Champernowne distribution

From Wikipedia, the free encyclopedia
Jump to: navigation, search

In statistics, the Champernowne distribution is a symmetric, continuous probability distribution, describing random variables that take both positive and negative values. It is a generalization of the logistic distribution that was introduced by D. G. Champernowne.[1][2][3] Champernowne developed the distribution to describe the logarithm of income.[2]


The Champernowne distribution has a probability density function given by

where are positive parameters, and n is the normalizing constant, which depends on the parameters. The density may be rewritten as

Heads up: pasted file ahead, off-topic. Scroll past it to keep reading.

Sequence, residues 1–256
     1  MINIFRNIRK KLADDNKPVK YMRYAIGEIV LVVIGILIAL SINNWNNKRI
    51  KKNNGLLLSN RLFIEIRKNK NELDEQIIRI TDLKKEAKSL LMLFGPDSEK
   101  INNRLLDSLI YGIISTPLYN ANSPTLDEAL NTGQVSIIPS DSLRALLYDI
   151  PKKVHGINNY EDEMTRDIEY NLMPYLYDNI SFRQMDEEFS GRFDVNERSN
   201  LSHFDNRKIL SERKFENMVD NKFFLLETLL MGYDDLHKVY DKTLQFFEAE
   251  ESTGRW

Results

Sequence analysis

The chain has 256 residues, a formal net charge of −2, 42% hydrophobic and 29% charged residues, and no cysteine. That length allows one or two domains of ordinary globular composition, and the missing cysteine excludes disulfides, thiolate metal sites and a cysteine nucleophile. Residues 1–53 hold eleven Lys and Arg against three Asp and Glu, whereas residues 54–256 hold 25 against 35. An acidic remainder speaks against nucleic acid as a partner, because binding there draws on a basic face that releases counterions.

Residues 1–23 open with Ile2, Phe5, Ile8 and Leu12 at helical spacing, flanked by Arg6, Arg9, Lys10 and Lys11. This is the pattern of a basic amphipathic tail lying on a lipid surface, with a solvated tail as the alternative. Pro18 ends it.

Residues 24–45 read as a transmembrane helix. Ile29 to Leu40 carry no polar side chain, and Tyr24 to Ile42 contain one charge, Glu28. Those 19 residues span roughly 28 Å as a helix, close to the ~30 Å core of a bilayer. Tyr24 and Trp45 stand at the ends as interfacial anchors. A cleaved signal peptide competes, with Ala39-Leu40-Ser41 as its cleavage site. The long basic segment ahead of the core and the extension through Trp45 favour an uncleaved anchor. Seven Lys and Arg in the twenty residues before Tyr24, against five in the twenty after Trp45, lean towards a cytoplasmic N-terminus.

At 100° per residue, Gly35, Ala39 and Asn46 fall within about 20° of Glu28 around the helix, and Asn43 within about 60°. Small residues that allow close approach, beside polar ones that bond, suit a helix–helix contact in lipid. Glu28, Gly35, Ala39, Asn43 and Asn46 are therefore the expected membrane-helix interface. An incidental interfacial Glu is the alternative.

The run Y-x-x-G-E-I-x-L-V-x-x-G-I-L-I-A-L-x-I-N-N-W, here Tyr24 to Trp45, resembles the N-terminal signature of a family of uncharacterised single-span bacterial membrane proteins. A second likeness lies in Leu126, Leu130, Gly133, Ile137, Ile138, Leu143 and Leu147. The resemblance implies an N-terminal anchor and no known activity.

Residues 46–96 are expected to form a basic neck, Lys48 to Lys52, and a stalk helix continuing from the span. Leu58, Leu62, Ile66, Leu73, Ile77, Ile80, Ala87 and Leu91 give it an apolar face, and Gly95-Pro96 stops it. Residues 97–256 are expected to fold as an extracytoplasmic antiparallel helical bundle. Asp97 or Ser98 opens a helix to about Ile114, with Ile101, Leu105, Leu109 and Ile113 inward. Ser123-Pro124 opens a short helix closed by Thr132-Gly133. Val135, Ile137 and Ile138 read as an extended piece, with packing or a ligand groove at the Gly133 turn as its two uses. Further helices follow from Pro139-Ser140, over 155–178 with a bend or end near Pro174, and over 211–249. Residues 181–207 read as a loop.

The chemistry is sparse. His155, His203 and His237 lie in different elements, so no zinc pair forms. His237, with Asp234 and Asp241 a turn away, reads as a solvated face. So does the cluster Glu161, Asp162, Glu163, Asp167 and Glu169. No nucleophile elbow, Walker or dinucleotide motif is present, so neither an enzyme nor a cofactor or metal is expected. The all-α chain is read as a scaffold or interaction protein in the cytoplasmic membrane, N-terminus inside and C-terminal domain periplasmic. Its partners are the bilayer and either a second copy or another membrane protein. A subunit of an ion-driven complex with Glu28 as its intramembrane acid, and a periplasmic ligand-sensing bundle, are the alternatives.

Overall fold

using the fact that


The density f(y) defines a symmetric distribution with median y0, which has tails somewhat heavier than a normal distribution.

Special cases[edit]

In the special case it is the Burr Type XII density.

When ,

which is the density of the standard logistic distribution.

Distribution of income[edit]

If the distribution of Y, the logarithm of income, has a Champernowne distribution, then the density function of the income X = exp(Y) is[1]

where x0 = exp(y0) is the median income. If λ = 1, this distribution is often called the Fisk distribution,[4] which has density

See also[edit]


  1. ^ a b C. Kleiber and S. Kotz (2003). Statistical Size Distributions in Economics and Actuarial Sciences. New York: Wiley.  Section 7.3 "Champernowne Distribution."
  2. ^ a b Champernowne, D. G. (1952). "The graduation of income distributions". Econometrica. 20: 591–614. doi:10.2307/1907644. JSTOR 1907644. 
  3. ^ Champernowne, D. G. (1953). "A Model of Income Distribution". The Economic Journal. 63 (250): 318–351. doi:10.2307/2227127. JSTOR 2227127. 
  4. ^ Fisk, P. R. (1961). "The graduation of income distributions". Econometrica. 29: 171–185. doi:10.2307/1909287.